Jaypee Sevilla: Harvard School of Public Health
Abstract: This paper estimates the effect of changes in population age structure on fertility. Few factors are as inseparable from economic and demographic theories of underdevelopment as high fertility rates. Most of the empirical literature on fertility focuses on a small set of traditionally hypothesized determinants: incomes, men’s and women’s education, infant mortality, and the rural share of the population. More recently, Macunovich develops ideas by Easterlin about the potential impact of population age structure on fertility, and provides empirical evidence for its effects. We continue along the lines of Macunovich’s contribution by: (4) Estimating fertility equations in which age structure and the traditional determinants are included simultaneously. This may be interpreted as a test of robustness of one set of variables when controlling for the others. Or it may be interpreted as a test of hypotheses concerning the mechanisms whereby one set of variables affects fertility. (5) Testing for the consistency of cohort size effects across continents and between the developing and developed regions (6) Testing one aspect of the mechanism whereby cohort size is hypothesized to affect fertility, through women’s labor force participation. To accomplish these objectives, we econometrically estimate a static panel equation using aggregate panel data on the relevant variables for 90 developed and developing countries observed every 5 years over the period from 1950 to 1995. We find that: (4) Age structure effects are found in the hypothesized direction. They are remarkably large and very precisely estimated even after controlling for all the major competing determinants of fertility. Thus cohort size has strong effects that are independent of the effects of income, men’s and women’s labor force participation rates, men’s and women’s education, rurality, and infant mortality. (5) Cohort size effects are found in every continent within the developing world, as well as in the developed world. Their magnitudes are remarkably similar across continents and levels of development. Of all the variables included in the regressions, cohort size has the most consistently large and significant effect across all regions. (6) The estimates of cohort size effects survive controlling for women’s economic activity rates. This means that cohort size effects are mediated by more than women’s labor supply (and by more than all other effects controlled for in the specification). We are still in need of an empirically validated theory of why cohort size has a negative effect on fertility.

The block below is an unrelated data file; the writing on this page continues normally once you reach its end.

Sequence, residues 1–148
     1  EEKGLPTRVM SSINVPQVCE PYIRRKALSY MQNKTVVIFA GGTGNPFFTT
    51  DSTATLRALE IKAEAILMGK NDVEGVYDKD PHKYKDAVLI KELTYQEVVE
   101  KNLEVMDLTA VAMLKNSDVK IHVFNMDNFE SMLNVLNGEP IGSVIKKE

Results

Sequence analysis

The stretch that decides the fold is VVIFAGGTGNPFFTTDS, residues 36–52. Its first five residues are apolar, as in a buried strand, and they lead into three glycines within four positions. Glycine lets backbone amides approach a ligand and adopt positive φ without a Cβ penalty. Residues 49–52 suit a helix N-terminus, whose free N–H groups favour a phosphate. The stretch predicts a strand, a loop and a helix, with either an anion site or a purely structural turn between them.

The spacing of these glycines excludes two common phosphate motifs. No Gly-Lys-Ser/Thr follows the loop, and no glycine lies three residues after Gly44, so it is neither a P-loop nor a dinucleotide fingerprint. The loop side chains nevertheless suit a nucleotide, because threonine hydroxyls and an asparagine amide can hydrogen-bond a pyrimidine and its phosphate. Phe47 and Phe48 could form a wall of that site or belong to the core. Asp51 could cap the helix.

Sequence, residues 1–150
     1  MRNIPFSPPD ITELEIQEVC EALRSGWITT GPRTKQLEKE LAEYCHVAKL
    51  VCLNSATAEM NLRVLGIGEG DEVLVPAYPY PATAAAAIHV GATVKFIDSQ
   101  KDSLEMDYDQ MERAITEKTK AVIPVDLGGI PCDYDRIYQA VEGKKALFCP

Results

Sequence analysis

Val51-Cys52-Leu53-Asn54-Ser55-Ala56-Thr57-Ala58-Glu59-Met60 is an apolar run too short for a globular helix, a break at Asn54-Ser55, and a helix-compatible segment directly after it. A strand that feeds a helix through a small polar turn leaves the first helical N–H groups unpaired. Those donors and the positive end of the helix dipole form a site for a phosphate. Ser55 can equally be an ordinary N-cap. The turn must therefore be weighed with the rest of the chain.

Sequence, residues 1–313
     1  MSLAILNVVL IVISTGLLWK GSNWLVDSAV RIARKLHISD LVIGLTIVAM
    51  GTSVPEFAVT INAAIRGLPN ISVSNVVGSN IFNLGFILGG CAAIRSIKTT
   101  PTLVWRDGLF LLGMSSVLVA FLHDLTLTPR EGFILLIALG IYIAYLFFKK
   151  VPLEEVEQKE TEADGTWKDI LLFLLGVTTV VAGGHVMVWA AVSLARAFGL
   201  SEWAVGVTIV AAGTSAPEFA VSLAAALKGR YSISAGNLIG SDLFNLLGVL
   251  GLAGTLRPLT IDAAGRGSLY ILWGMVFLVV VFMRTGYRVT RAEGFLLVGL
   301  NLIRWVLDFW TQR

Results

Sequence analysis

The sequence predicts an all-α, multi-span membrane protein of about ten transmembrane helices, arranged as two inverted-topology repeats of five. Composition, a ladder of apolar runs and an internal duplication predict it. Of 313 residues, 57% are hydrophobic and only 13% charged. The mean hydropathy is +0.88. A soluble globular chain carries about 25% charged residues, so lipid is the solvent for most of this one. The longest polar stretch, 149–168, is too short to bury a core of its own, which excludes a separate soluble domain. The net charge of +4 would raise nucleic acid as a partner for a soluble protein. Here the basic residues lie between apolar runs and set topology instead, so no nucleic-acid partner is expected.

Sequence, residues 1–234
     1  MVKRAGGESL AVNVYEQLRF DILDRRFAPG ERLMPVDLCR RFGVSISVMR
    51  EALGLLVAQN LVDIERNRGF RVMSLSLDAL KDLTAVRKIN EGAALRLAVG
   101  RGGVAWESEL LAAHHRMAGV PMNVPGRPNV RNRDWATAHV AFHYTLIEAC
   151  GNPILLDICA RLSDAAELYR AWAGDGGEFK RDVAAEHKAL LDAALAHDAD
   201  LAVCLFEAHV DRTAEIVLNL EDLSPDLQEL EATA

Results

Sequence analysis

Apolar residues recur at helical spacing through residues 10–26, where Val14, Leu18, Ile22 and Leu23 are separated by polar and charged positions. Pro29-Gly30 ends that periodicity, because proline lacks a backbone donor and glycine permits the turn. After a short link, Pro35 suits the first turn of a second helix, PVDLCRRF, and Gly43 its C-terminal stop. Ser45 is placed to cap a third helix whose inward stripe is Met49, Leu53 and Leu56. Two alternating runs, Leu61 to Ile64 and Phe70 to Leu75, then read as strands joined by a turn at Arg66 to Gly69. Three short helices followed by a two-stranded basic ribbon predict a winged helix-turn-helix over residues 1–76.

16 pages, September 2007
Price: 25 SEK
Note: ISSN 1652-120X; ISBN 978-91-85619-13-9
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